A reader wants to know how to set income tax withholding on a new job to avoid a tax bill in April.

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Question: I am 73 years old and drawing Social Security. But I’ve gone back to work to help pay off some debts. I will make $11.90 an hour and wondered how much I should have them keep out for federal and state taxes, so I won’t have to pay at the end of the year.Joan in Missouri

Jacob Dayan from Community Tax explains how to set tax withholding when you start a new job…

On your first day of the new job, your employer should have had you fill out a form W-4 that determines how much federal and state taxes are withheld from each paycheck to cover taxes. The form can be complicated, but from what you are saying, I recommend you enter “1” as the number of exemptions. This should ensure the IRS withholds an adequate amount to prevent you from owing any tax when you file a return. It’s better to be conservative in the first year of a job change to protect yourself from owing tax when you file. If, after filing your 2019 return, you receive too large of a refund, you can always ask your employer to amend your W-4 form. This will increase your number of exemptions, so less is taken from each check.

How to factor in your Social Security income

It may also be wise to estimate how much you plan to earn from this new job in 2019, because you will need to earn a significant amount to have a tax return filing requirement at all.  Assuming your only other income is Social Security, you do not have to file a return at all if 50% of your Social Security benefits plus all other income is less than $25,000.  For example, if your Social Security benefits are $1,250 per month ($15,000 per year), then you need to earn $17,500 at your new job before you have any requirement to file a tax return.  Though if taxes are withheld you may want to file to claim a refund of your withholdings even if you file below the filing requirement.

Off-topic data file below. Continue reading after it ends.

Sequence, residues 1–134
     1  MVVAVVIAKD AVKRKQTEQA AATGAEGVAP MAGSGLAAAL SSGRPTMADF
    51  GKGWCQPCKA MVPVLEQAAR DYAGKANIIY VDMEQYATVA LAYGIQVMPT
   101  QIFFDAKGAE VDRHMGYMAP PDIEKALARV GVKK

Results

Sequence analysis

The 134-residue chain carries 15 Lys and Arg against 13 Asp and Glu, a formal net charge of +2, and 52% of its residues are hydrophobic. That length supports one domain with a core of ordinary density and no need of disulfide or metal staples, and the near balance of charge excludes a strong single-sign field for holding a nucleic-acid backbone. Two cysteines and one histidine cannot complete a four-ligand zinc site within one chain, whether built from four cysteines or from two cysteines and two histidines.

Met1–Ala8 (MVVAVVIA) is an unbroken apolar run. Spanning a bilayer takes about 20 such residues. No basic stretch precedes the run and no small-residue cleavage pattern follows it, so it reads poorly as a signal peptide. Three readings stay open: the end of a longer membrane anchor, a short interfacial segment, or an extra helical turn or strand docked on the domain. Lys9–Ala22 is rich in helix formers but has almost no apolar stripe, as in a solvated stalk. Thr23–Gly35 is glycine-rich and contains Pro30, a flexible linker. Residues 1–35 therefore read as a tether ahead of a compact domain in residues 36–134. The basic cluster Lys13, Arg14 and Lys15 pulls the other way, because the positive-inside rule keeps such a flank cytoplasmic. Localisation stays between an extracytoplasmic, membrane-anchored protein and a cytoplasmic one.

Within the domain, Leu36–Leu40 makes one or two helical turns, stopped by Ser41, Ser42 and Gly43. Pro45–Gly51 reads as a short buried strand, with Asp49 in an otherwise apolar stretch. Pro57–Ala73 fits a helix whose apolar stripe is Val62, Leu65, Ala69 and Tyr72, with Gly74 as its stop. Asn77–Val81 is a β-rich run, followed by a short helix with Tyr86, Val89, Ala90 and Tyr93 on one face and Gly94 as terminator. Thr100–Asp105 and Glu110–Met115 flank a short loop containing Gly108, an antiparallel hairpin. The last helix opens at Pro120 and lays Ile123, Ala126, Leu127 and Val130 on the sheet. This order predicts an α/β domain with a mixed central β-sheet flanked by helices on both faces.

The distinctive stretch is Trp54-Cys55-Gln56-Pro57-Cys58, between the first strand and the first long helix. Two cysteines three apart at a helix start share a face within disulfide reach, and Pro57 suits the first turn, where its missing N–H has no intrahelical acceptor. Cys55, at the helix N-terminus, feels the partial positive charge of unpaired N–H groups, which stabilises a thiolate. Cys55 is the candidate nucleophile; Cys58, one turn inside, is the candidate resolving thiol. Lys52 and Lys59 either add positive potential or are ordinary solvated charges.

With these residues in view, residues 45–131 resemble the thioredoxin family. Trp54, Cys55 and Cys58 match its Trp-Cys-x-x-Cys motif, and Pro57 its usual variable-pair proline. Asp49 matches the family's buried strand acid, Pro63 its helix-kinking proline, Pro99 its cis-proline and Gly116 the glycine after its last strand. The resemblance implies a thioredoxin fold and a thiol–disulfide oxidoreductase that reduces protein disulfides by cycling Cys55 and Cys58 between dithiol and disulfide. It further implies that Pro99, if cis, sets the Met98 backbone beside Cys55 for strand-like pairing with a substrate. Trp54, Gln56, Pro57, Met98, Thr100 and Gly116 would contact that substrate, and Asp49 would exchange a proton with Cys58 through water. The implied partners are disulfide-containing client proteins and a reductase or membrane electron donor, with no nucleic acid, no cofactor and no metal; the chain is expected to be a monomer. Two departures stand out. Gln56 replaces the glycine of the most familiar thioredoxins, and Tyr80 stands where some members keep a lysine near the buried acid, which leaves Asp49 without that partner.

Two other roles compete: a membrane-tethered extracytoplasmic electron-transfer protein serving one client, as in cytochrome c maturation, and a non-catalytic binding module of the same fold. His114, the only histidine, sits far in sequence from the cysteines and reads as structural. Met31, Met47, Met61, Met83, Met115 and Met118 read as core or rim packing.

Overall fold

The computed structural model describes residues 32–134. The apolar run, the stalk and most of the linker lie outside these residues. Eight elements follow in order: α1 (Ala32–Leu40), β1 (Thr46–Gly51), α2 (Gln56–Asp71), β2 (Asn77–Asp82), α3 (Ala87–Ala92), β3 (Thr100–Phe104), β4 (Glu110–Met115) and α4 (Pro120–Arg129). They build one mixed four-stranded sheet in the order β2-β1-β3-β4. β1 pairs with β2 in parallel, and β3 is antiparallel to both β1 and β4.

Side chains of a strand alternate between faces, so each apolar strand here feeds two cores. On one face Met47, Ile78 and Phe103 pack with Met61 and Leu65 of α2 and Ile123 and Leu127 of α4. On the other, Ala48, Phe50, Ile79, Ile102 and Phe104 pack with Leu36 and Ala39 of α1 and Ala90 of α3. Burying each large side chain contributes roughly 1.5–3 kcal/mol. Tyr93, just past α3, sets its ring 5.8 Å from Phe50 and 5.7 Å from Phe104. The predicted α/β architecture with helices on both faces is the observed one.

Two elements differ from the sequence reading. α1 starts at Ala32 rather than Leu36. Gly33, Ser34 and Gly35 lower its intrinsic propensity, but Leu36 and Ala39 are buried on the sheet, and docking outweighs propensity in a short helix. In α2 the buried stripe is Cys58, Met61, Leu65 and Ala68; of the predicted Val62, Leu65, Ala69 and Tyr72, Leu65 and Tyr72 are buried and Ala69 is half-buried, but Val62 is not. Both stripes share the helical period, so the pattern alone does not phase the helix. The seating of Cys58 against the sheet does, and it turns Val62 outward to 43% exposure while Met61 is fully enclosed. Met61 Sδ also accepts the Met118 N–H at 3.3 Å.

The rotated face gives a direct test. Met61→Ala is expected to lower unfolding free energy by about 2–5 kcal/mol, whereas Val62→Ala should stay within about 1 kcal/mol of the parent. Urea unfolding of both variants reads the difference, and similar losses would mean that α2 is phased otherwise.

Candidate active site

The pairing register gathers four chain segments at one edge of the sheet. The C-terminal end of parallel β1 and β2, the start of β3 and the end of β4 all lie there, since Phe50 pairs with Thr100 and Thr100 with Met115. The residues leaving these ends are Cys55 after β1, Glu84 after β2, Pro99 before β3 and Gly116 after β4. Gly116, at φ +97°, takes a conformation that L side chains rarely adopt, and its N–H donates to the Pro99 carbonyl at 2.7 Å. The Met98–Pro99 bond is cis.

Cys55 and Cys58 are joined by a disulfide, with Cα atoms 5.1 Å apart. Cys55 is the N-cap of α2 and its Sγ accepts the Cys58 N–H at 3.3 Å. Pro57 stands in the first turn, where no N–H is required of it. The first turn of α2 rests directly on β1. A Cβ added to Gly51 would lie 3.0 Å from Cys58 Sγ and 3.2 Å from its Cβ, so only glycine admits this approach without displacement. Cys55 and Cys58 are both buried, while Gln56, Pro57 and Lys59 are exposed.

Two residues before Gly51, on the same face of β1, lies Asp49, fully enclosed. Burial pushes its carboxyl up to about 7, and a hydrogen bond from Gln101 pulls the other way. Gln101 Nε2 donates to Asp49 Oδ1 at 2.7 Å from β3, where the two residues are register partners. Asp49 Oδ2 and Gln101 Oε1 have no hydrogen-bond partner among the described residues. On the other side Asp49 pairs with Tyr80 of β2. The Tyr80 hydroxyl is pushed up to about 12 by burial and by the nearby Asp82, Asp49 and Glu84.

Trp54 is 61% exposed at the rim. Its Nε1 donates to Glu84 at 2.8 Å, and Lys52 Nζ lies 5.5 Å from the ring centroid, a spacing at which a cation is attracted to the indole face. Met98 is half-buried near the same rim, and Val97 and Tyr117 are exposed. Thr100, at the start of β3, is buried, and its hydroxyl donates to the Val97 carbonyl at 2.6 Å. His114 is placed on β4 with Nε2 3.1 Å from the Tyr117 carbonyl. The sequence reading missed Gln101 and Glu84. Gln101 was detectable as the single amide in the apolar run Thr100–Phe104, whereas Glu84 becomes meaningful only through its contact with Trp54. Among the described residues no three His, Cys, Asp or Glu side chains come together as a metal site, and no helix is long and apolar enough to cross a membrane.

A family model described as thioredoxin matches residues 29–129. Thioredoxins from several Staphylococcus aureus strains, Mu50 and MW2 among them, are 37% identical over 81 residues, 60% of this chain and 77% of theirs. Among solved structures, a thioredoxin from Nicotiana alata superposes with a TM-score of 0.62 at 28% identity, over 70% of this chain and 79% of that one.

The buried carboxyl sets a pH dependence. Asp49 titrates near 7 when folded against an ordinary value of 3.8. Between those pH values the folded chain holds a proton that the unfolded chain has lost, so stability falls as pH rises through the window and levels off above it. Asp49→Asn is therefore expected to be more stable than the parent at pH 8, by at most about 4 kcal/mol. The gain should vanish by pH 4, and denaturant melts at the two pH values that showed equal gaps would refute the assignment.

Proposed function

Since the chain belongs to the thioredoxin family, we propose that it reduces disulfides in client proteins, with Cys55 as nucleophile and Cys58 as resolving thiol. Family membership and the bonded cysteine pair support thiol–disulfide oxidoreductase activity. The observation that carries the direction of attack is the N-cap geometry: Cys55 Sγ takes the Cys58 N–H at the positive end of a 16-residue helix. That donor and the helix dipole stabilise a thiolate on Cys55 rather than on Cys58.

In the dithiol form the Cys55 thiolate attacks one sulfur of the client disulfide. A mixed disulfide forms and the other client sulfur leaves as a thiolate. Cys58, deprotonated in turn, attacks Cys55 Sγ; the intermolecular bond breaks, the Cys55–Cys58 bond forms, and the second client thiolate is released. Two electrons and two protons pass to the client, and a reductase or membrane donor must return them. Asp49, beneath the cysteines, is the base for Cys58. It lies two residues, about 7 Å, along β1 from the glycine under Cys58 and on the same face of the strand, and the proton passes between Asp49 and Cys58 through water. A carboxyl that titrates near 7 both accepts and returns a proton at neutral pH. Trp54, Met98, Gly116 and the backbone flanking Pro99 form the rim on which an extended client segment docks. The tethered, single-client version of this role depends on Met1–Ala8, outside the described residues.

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Bottom line: Be conservative

Ultimately, I think you should claim one exemption on your W-4 form with your new employer, then review your total income and federal withholding when 2019 W-2 and 1099-SSA forms are issued in January 2020. Then you can determine if you need to file and/or make any adjustments to your federal income tax withholdings.

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About the Author

Jacob Dayan

Jacob Dayan

Jacob Dayan was born and raised in Chicago and worked in New York City as a financial analyst at Bear Stearns. In 2009, he returned to Chicago to be with his family and pursue a career assisting consumers and small businesses with various financial needs. In 2010, he co-founded Community Tax LLC, a full-service tax company helping customers nationwide with all of their tax resolution, tax preparation, bookkeeping, and accounting needs. He’s a licensed attorney in Illinois who graduated Magna Cum Laude from Mitchell Hamline School of Law and has worked with more than 60,000 clients – resolving more than $400 million in tax liabilities.

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